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# Aim: To investigate the conservation of kinetic energy and the conservation of momentum in an oblique collisions between two objects.

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Introduction

Lab: Oblique Collisions in Two Dimensions

Aim:

To investigate the conservation of kinetic energy and the conservation of momentum in an oblique collisions between two objects.

Hypothesis:

By law of conservation the momentum and kinetic energy should be conserved in an oblique collision between two objects however in our case I hypothesize there will be a slight difference due to the fact that the system is not isolated and forces from outside will act upon it.  With regards to kinetic energy, the total energy must also remain constant throughout the collision, however calculations won’t take into account the kinetic energy converted to other forms of energy, like heat energy.

Despite the fact that the metal spheres used in this experiment are indeed very hard and very elastic, the collision will not be perfectly elastic but partially elastic, meaning a percentage of the kinetic energy and momentum will be converted during the experiment.  Total momentum in any collision does not change, even if the individual momentums do.

Momentum is defined as: mass × velocity

The kinetic energy is defined as = ½ mass x velocity²

Momentum has the special property that it is always conserved, even in collisions. Kinetic energy, on the other hand, is not conserved in collisions if they are inelastic

Middle

46.2 cm

To find initial momentum,

We must have the velocity, and in order to have that we must have the time.

S = ½ at² ,       isolate the t, we then have     t = √2s / g         where g = gravity = 9.8 m/s²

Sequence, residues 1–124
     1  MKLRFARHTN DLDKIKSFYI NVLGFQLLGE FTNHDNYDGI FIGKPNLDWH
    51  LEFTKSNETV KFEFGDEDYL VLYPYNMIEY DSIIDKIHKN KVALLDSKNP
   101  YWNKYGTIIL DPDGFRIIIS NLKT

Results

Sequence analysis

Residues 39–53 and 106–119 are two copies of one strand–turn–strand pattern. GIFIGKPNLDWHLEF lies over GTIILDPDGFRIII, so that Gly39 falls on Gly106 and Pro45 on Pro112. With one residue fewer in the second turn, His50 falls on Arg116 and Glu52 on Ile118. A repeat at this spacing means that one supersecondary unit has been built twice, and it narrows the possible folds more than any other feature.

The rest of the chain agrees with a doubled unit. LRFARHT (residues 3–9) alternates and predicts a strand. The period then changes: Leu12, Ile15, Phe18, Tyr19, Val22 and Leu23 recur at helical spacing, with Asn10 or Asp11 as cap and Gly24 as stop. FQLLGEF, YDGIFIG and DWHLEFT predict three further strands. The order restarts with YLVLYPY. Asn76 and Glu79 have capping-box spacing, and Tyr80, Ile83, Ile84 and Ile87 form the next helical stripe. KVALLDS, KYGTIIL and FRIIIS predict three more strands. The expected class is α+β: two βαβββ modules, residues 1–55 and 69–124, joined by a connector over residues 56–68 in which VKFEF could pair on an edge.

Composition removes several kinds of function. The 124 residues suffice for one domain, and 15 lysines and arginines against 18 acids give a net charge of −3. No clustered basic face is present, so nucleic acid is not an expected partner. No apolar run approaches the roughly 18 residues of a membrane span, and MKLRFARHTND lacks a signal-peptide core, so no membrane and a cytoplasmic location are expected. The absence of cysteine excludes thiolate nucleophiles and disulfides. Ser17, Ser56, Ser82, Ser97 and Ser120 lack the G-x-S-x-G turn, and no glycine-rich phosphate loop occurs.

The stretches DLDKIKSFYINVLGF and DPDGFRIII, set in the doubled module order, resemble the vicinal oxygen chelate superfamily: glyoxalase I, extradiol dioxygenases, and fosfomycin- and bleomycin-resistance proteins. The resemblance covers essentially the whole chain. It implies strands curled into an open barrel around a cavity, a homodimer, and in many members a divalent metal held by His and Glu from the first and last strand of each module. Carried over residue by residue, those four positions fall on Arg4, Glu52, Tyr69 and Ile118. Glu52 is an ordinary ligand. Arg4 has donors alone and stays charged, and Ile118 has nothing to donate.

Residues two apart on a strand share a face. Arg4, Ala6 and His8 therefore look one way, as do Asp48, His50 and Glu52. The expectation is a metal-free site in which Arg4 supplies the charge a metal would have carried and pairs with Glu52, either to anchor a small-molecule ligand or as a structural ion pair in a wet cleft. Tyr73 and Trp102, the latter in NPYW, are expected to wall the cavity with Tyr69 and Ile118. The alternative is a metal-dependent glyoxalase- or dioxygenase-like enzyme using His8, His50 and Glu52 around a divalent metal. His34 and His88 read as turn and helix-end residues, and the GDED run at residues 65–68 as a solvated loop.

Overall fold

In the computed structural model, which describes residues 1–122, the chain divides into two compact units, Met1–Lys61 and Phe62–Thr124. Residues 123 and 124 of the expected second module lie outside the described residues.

Therefore we have, t = √ 2(0.824) / 9.8            then t = 0.410 s (3.s.f)

Using the formula, s = vt, we can isolate velocity, v = s/t, v= (0.462m / 0.410s) = 1.12m/s

Now that we have our velocity and mass for our initial incident ball, we can find the momentum of the system by the formula p = mv

So we get p = 6.8g  x (1.12m/s)                    = 7.61 gm/s as the momentum for the system

To find initial kinetic energy,

We use the formula = ½ mass x velocit²y. In order to get the answer in easy to use joules, the mass must be in kilograms and the velocity in m/s The mass we know as .0068 grams and the velocity as 1.12, therefore we get:

½ x .0068 x (1.12) ²               =  .0043 joules

Results for Trail 2,

In this case, the incident ball hit the target ball head on, giving the following results

For incident ball (6.8 grams): s = 0.17 meters    t = 0.41 seconds   v = 0.424… m/s

P = 2.9 gm/s       Ek = 0.00061 joules

For target ball (4.4 grams): s = 0.41 meters    t = 0.41 seconds   v = 1 m/s

P = 4.4 gm/s       Ek = 0.0022 joules

Total momentum = 7.3 gm/s         Total Kinetic Energy = .0028 J

Results for Trail 3,

In this case, the incident ball hit the target ball at an angle (65º), giving the following results

Conclusion

Evaluation

The sources of error in this experiment included several factors.  First of all, only one trial was performed for each of the procedures increasing the likelihood of a mistake.  The kinetic energy lost to heat could not actually be found and added on to the final KE making some of the statements about the final KE false.  Also concerns arose about the accuracy of measurements since we had several problems with measuring angles and distances from the point of impact to the points of landing, and often times we had to round digits greatly.  The paper itself on which we recorded the results was often accidentally shifted which caused another error to the distances.

If granted another opportunity to repeat this experiment, I would certainly change some things.  I would perform more trials for each of the procedures and then find the more consistent and reliable results.  Also I would prefer to work with the graphing paper itself instead of duplicating scaled vectors, and present it in this lab investigation, but since there was more than one person in my lab group, the sheet would have to be photocopied several times.  Also I would advise to make sure the sheet of paper does not move at all and that an eye is kept at all times on which sphere made which mark.

This student written piece of work is one of many that can be found in our International Baccalaureate Physics section.

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